Entries in Consumer Spending (30)


Consumer Spending Rises 0.4% after Weak Holiday Numbers

Brand X Pictures/Thinkstock(WASHINGTON) -- The milder than normal winter of 2012 seems to have invigorated Americans, sending more of them to stores to spend money.

According to the Commerce Department, sales of retail goods last month were up by 0.4 percent from the same period last year, a better than expected showing seeing as how lackluster the holiday shopping season was.

Folks were opening their wallets and pocket books to buy electronics, sporting goods and house and garden supplies.  The nicer weather meant it was easier to travel to bars and restaurants.

Another factor for increased spending: higher prices at the pump that will continue rising throughout the rest of the winter and into the spring.

January's increase isn't enough to put the economic recovery on the fast track but economists are nonetheless encouraged that consumers continue to spend more than they have in recent years.

Copyright 2012 ABC News Radio


Personal Incomes Shot Up in December; Consumer Spending Fell Flat

Comstock Images/Thinkstock(WASHINGTON) -- In what comes as promising news for American workers, personal incomes rose again in December by the highest percentage in nine months.

The Commerce Department reported Monday that incomes increased $61.3 billion, or 0.5 percent, to wrap up 2011, marking the fourth straight month of gains. The previous month, incomes jumped by a 10th of a percent.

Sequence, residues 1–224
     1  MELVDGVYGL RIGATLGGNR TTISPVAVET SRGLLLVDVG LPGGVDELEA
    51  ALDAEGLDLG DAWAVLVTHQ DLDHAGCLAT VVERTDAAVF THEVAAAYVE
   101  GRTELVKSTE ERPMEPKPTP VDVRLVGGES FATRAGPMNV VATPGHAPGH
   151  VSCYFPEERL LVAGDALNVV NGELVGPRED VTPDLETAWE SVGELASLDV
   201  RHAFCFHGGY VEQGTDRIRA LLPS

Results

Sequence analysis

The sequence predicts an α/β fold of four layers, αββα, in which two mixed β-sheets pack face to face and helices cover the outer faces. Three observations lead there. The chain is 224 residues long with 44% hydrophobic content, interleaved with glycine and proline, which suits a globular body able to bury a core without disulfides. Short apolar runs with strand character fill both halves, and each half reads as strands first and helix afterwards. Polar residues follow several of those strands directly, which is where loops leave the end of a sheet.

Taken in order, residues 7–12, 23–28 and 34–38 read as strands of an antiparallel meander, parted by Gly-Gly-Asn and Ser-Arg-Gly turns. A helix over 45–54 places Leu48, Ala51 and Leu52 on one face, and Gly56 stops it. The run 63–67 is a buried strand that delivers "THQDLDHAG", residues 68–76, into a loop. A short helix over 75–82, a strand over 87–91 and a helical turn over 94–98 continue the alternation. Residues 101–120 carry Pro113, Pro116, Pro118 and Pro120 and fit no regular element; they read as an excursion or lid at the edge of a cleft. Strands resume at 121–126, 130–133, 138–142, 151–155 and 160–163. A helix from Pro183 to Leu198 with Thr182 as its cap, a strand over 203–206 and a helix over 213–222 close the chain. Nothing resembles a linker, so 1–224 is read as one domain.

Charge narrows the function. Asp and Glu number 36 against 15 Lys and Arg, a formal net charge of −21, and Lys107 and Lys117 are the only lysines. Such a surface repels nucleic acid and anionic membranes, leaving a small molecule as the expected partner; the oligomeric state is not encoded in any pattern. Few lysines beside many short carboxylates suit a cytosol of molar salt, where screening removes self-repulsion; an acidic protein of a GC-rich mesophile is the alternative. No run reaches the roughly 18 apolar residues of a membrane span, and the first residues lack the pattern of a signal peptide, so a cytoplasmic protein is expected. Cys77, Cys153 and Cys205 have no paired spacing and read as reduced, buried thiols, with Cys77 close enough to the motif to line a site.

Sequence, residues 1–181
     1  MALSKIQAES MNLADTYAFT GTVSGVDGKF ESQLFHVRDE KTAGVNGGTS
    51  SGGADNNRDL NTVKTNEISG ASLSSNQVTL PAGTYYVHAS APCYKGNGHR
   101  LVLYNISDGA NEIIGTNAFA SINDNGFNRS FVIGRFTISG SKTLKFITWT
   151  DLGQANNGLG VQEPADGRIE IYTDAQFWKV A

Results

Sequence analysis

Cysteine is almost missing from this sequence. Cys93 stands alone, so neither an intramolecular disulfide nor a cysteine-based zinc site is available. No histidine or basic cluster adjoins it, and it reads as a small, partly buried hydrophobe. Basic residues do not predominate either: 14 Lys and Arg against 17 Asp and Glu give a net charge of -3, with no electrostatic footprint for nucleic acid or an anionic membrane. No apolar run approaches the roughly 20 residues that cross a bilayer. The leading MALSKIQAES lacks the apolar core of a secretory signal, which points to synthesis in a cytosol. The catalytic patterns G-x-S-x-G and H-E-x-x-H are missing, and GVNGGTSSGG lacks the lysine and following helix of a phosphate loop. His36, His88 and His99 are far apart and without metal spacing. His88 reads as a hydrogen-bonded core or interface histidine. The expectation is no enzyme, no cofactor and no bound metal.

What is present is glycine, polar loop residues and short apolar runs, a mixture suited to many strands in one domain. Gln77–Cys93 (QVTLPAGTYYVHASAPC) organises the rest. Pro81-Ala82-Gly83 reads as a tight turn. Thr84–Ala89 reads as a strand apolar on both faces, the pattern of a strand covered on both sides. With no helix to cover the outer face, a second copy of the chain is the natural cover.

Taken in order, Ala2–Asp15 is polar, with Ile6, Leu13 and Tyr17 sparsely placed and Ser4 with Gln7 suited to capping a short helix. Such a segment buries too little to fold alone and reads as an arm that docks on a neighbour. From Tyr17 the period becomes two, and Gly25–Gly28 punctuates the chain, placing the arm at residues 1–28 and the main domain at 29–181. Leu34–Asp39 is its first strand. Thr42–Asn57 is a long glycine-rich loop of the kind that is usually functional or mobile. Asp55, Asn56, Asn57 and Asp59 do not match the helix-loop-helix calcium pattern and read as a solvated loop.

But while Americans may have had more money in their pockets to spend on gifts, consumer spending during the holiday shopping month fell flat.  The same report shows the figure was unchanged in December after rising by 0.1 percent the previous month.

Copyright 2012 ABC News Radio


Consumer Spending, Personal Incomes Edge Up Slightly

Brand X Pictures/Thinkstock(WASHINGTON) -- Consumer spending edged up just a tenth of a percent last month, according to a report out Friday from the U.S. Commerce Department. Personal incomes were also up a tenth of a percent.

Although both numbers were below many analysts' expectations, Mesirow Financial chief economist Diane Swonk says these figures aren't surprising.

“It really reflects what we already saw in the November retail sales, that the hype of the Black Friday selling season was greater than reality. Consumers spent cautiously and that is in line with what we'd expect at this stage of the game,” Swonk said.

“The good news is we are generating jobs,” Swonk said. “The bad news is we're still not generating enough at a high enough wage to really lift all boats.

Swonk says this final week is going to be critical for retailers.